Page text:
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Record setting Historic Piccard submarine restored

The submarine has a long history of adventures


The “Auguste Piccard” submarine is now on display in Lucerne’s transport museum, fully restored for the first time. Once the largest submarine in the world, it was originally constructed for the 1964 Lausanne Expo.

In 1964, a ride on the “Auguste Piccard” was the hit of the Lausanne Expo. More than 33,000 passengers travelled to the depths of Lake Geneva, paying CHF40 ($42) to make the trip to 150 metres below the surface.

Deep-sea researcher Jacques Piccard designed the “Auguste Piccard” and named it after his father. The younger Piccard set a record by travelling 10,916 metres below sea level to the deepest point on Earth, while his father took a hot air balloon to a record height of 15,785 metres.

The “Auguste Piccard” submarine was eventually sold to Canada and used for offshore oil exploration.  Later, it was badly damaged in a tornado in Texas, where it was being stored. In 1999, the submarine was transported back to Switzerland and kept near Lake Geneva until the transport museum restored it from its heavily rusted state.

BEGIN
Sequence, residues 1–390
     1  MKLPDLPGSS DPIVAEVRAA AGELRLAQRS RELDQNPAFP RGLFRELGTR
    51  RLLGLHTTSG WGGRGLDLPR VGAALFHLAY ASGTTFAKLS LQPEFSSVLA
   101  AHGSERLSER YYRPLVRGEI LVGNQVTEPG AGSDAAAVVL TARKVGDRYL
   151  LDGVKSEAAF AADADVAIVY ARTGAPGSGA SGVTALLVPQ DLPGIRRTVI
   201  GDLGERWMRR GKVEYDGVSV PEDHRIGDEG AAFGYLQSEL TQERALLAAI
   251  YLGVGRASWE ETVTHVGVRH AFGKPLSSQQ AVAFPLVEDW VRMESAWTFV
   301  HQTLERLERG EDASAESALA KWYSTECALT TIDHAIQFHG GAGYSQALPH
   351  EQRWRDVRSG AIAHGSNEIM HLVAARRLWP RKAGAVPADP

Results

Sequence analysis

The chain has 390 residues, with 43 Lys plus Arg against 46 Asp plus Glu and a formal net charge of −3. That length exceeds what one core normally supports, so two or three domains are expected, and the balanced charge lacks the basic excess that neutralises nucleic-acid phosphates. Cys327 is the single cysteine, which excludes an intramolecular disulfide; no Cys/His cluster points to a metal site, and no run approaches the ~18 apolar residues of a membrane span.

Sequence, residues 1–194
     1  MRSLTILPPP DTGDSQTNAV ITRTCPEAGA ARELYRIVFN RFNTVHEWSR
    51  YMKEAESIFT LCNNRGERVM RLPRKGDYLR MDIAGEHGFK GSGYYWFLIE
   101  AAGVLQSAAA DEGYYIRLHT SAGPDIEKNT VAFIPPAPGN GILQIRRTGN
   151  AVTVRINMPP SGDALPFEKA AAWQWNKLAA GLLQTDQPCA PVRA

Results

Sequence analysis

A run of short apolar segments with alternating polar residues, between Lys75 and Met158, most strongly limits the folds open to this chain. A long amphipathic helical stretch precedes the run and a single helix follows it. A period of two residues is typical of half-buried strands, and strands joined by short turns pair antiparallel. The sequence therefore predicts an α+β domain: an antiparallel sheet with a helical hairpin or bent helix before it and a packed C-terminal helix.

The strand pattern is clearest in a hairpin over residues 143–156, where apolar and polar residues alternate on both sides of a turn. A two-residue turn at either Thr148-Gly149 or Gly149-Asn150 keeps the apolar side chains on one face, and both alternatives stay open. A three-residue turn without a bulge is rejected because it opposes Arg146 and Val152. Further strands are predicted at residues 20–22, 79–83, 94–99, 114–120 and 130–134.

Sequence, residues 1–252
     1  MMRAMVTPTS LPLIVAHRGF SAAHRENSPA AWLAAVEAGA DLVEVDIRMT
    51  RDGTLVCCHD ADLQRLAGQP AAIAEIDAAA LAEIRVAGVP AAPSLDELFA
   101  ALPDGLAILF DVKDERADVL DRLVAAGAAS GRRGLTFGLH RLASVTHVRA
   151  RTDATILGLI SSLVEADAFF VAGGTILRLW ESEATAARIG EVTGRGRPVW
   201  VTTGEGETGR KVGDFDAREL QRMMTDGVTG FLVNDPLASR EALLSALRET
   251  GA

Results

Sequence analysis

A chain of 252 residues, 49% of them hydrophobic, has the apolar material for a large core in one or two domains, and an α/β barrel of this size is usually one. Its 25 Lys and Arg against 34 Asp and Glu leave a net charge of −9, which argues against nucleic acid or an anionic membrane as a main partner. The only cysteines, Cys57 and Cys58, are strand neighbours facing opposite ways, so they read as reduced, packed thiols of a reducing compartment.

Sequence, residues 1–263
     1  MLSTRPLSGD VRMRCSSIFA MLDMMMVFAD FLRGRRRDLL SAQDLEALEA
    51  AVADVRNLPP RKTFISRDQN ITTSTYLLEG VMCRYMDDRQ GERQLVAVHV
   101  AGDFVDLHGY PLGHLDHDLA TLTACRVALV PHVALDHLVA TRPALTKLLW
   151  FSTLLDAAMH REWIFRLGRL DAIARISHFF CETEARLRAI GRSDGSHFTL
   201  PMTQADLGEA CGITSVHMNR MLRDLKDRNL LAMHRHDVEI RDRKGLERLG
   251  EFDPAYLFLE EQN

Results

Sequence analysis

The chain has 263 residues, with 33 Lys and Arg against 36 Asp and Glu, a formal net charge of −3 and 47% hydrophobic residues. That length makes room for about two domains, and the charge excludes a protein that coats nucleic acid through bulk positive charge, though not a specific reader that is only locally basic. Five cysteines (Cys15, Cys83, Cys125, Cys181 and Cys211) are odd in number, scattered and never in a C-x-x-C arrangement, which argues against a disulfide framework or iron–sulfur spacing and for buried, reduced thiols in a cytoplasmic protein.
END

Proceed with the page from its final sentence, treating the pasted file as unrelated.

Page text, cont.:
The restoration took 28,000 hours and has been going on since 2005. Visitors can now tour the submarine at the transport museum and view an exhibit on the history of the Piccard family. The Swiss flag that travelled with Jacques Piccard to the lowest point on Earth is also on display.

Today, Jacques Piccard’s son Bertrand is behind the Solar Impulse project, which seeks to travel around the world in a solar-powered plane. 

Scroll from left to right on the picture below to see the submarine before and after renovation (copyright: Photopress/Pius Koller).

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